Here’s how to watch the eclipse with­out harm­ing your vi­sion

Metro USA (New York) - - News - MEA­GAN MOR­RIS

It’s sure to be an awe-in­spir­ing sight, but look­ing di­rectly at an eclipse could ac­tu­ally dam­age your eye­sight, ac­cord­ing to NASA.

It’s safe to look at the to­tal so­lar eclipse — or the mo­ment when the moon com­pletely passes in front of the sun.

“As the moon moves in front of the sun, there comes a time when sev­eral bright points of light shine around the moon’s edges,” NASA ad­vises on its web­site.

The beads dis­ap­pear un­til there’s only a bright spot that looks “like a gi­ant di­a­mond ring,” ac­cord­ing to NASA. “It is still not safe to look at the sun at this point! Only when that bright spot com­pletely dis­ap­pears can you safely look at the sun.”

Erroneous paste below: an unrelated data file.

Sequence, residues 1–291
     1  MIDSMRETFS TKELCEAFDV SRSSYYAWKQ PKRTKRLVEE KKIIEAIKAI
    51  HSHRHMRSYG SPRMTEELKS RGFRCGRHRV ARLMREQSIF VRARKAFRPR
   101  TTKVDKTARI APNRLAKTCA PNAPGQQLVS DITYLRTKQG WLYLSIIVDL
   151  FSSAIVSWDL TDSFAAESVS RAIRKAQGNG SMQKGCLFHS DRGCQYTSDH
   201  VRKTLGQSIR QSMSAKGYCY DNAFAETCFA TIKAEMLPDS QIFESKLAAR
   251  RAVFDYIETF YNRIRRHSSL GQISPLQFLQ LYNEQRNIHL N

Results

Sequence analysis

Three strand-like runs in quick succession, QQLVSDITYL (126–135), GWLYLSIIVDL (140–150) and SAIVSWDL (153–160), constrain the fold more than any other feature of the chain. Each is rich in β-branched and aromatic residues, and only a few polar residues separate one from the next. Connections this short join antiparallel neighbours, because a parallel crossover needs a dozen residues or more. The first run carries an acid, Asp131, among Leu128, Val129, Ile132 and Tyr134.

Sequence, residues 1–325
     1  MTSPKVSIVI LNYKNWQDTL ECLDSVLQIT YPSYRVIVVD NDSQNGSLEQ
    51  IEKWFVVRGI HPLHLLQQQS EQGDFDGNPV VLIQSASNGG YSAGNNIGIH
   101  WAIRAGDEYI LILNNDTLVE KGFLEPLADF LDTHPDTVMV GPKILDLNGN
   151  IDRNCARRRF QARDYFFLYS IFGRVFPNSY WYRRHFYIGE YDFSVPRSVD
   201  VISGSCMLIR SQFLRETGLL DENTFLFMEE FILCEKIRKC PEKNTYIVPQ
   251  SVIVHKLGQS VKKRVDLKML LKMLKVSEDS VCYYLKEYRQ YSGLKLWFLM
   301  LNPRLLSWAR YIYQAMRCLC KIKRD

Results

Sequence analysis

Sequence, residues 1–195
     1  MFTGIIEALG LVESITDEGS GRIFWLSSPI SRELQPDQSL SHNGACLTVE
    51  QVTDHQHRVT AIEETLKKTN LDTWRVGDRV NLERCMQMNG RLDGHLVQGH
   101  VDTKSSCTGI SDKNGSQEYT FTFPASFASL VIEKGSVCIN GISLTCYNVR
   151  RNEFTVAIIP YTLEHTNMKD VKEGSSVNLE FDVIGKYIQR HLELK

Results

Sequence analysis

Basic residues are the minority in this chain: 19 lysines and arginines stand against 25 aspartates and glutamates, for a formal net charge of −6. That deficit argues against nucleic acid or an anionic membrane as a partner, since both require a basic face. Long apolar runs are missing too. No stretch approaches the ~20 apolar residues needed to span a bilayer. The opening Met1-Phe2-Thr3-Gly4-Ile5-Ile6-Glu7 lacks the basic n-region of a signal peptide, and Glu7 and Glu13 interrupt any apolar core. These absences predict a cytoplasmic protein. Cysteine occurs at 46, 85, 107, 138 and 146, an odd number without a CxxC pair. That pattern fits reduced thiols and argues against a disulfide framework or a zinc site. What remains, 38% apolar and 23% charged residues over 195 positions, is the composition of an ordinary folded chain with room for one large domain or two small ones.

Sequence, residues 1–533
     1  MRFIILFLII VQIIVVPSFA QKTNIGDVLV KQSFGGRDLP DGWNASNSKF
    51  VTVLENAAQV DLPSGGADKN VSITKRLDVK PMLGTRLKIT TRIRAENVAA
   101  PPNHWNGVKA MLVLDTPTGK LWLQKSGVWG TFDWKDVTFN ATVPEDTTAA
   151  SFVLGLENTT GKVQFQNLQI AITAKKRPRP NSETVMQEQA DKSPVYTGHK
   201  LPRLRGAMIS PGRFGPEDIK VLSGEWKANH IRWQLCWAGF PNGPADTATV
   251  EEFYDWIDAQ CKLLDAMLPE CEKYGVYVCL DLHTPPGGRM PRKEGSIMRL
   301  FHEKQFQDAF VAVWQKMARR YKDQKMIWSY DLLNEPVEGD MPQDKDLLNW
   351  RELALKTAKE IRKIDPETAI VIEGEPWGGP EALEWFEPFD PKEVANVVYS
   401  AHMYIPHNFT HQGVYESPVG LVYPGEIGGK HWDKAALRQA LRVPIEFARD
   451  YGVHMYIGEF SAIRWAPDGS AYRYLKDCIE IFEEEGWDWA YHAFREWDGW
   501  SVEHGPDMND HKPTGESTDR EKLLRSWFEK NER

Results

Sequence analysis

This pe­riod is short, so be sure to keep your eye on the moon as it moves. Put your glasses back on when that hap­pens, or use an in­di­rect method to watch, like by look­ing at nearby trees.

Viewing glasses are safe if they’re made in the United States by Rain­bow Sym­phony, Thou­sand Oaks, TSE or Amer­i­can Pa­per Op­tics, ac­cord­ing to NASA.

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